Some extra trivia? Okey then! At the end of 2012, Morse compiled an album entitled A Proggy Christmas. It was performed by “The Prog World Orchestra”, which per track has different well-known names from the Prog Rock scene as its members. Of the 10 tracks, the line-up on the instrumental “Silent Night/ We All Need Some Light” are actually the 4 Transatlantic members. Want more? Well, in February 2013, the new Neal Morse band (with Mike Portnoy) and The Flower Kings started a European tour together. The encore set featured Morse, Portnoy and Stolt, with Jonas Reingold and Randy George alternating on the bass, playing Transatlantic songs, and ended with a total of 11 musicians on stage!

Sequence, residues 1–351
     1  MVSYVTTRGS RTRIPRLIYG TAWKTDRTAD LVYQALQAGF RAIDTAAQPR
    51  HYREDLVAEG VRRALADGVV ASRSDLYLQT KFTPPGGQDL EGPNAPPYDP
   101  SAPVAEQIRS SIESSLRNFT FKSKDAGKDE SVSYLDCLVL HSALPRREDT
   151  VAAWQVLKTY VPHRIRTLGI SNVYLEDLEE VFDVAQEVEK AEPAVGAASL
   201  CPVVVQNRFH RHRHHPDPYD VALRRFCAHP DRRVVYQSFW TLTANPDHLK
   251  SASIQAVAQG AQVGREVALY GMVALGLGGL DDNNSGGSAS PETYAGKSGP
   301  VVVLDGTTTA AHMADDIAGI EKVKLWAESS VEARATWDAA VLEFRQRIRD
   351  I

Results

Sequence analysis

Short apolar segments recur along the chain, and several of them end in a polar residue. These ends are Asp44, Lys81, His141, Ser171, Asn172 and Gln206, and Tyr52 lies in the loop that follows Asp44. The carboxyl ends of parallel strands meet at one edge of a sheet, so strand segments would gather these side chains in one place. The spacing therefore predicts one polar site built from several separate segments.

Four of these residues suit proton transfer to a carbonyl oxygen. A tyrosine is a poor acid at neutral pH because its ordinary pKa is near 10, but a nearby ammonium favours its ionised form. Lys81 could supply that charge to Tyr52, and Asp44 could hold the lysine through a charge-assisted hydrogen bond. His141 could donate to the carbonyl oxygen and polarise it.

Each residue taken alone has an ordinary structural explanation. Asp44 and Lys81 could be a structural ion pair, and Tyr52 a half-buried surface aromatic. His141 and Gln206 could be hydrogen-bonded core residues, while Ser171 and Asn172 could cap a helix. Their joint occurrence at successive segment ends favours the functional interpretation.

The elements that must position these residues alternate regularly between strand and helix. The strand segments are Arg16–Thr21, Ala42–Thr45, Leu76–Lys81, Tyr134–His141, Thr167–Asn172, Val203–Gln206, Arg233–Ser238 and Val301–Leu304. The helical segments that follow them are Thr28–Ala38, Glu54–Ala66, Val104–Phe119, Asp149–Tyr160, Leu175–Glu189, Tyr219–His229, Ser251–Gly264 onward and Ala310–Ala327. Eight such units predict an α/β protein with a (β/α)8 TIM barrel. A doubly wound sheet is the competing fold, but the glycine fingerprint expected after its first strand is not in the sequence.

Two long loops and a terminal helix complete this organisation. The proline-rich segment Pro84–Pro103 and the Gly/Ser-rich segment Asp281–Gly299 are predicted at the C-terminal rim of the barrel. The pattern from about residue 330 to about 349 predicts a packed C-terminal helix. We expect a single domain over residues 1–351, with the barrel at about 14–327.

In May 2013, Portnoy announced that Transatlantic had finished writing the songs for a new album. Recordings done during the Summer found two epic-sized tracks (album opener “Into the Blue” and album closer “Kaleidoscope” have a length of 25 and 32 minutes respectively) and 3 “normal”-sized songs, and a total of 8 covers (for the limited edition) encoded for posterity. Of course, when it's quality Prog Rock you want, you can hardly go any better, but still, even though the song quality id top-shelve and the performances A-grade...I can't say the guys do anything I don't expect of 'em, considering where they come from! Prior to the album's release, a music video for “Shine” (one of the “shorter” songs) was released on December 2nd of last, and two weeks later the band's version of Yes' “And You And I” (off the bonus disc) was released on the label's SoundCloud page. On the same day as the album, a video for “Black As The Sky” (a second of the shorter songs) was released. Funny thing about Transatlantic: I can never make out whom is doin' the lead vocals! Oh, by the way, one Chris Carmichael plays whatever cello you can hear on the album, Rich Mouser playes the pedal steel guitar in the track “Beyond the Sun” (shortest song on the album, only 4 ½ minutes long!), and Daniel Gildenlöw is the special vocal guest on “Written In Your Heart” (a section of the 7-part title track of the album). The bonus disc (of the limited edition, remember?) not only includes the already mentioned Yes cover, but also covers of ELO's “Can't Get It Out Of My Head”, Procul Harum's “Conquistador”, Elton John's “Goodbye Yellow Brick Road”, Small Faces' “Tin Soldier”, Focus' “Sylvia”, King Crimson's “Indiscipline”, and The Moody Blues' “Nights In White Satin”. Now, I'm sure that you'll be able to find the videos at YouTube, and so, next to getting yourself the album (or goin' out to your local record store for a listening session), I guess that's the best way for you to taste some full-length songs off the album's. Feel free to search the Net for more at your own leisure!